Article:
• an amount that the respondent is liable to pay you because you have exercised a right to suspend carrying out construction work or supplying related goods and services and the respondent has removed any part of the work or supply from the contract; and
  • an amount that is held under the construction contract by the respondent and the claimant claims is due for release (i.e. retention moneys). See section 68(2) here.

7. Serve the claim properly

The time for the recipient to respond to your claim will not start until the claim has been served properly.

The safest way to serve the document is by hand (which can be done through a process server), but this will often be impractical.

The problem is that sometimes service by other means may not be effective.

For example, in a Queensland case (Conveyor & General Engineering v Basetec Services), service of documents by Dropbox was found to be ineffective as it was not contemplated by the contract.

Email can be effective, subject to the terms of the contract. If your contract expressly prohibits email service of payment claims, this may not amount to valid service. If you are going to use email and it is not prohibited, make sure you obtain a delivery and (if possible) read receipt.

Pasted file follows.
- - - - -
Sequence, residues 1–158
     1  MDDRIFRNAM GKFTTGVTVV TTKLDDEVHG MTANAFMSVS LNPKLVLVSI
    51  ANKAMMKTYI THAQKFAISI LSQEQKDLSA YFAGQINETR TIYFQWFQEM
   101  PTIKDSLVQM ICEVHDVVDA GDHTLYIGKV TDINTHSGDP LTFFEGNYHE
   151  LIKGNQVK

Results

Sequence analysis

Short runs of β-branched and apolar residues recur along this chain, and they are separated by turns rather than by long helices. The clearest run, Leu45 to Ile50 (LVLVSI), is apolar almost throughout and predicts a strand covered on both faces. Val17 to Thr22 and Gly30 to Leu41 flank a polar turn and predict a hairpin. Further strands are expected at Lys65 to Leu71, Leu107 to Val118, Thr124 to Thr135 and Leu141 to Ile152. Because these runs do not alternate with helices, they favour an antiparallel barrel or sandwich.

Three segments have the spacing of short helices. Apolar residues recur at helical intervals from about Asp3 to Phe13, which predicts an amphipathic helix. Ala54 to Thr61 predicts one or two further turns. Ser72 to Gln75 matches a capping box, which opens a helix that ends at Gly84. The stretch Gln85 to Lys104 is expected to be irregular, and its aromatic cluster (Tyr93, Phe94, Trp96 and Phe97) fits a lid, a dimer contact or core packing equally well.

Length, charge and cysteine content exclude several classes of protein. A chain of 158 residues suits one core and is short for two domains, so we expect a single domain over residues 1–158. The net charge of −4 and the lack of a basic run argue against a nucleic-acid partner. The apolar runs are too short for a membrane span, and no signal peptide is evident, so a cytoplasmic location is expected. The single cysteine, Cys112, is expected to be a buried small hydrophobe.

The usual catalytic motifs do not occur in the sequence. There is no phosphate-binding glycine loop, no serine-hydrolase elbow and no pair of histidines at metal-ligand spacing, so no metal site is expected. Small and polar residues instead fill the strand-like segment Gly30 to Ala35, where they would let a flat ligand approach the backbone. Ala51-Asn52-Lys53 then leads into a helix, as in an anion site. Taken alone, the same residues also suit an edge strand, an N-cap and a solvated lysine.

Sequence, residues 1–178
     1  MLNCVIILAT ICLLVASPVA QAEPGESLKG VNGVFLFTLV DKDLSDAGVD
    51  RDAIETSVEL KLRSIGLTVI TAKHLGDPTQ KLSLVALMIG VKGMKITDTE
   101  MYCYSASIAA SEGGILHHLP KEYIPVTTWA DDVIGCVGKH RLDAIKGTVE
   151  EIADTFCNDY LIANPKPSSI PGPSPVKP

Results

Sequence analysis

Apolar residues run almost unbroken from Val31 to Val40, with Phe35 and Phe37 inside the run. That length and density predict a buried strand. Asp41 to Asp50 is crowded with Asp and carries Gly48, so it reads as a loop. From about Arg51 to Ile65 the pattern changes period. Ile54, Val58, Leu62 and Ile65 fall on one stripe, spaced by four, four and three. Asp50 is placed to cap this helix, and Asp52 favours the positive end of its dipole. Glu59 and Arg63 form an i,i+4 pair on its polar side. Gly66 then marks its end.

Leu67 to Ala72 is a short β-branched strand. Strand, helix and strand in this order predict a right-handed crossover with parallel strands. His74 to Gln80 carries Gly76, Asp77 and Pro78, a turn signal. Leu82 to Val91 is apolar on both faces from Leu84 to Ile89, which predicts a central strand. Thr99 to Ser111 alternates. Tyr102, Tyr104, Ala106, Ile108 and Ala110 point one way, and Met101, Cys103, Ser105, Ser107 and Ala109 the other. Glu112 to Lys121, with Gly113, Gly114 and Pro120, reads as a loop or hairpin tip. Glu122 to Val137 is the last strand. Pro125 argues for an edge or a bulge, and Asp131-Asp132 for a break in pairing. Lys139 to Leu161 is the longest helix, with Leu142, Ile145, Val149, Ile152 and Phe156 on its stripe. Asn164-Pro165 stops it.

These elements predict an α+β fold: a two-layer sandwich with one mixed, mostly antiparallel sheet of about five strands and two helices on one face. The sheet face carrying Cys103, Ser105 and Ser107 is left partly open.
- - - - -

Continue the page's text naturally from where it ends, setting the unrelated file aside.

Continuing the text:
Sending a cover letter with the details of the claim on a USB key may not be effective (see the Parkview case).

In all instances, check the contract and section 102 of the Act, as they will explain how you should proceed.

If you are sending the documents to a physical address, check the contract, and, if necessary, conduct an ASIC search to make sure you have the correct address for your desired recipient.

8. Keep evidence of service

Finally, make sure you keep written evidence of service. If you are serving the claim by email, this means retaining the email and (ideally) obtaining delivery and read receipts.

If you are serving by courier, this means a delivery receipt signed by the recipient and any other records the courier may be able to provide.

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Morgan McIntosh | Senior Associate


Morgan McIntosh | Senior Associate


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Morgan is a specialist construction lawyer in Sydney who helps companies navigate through large or unusual projects and streamline their contracting processes through simplified contracts.

morgan.mcintosh@turtons.com | (02) 9229 2901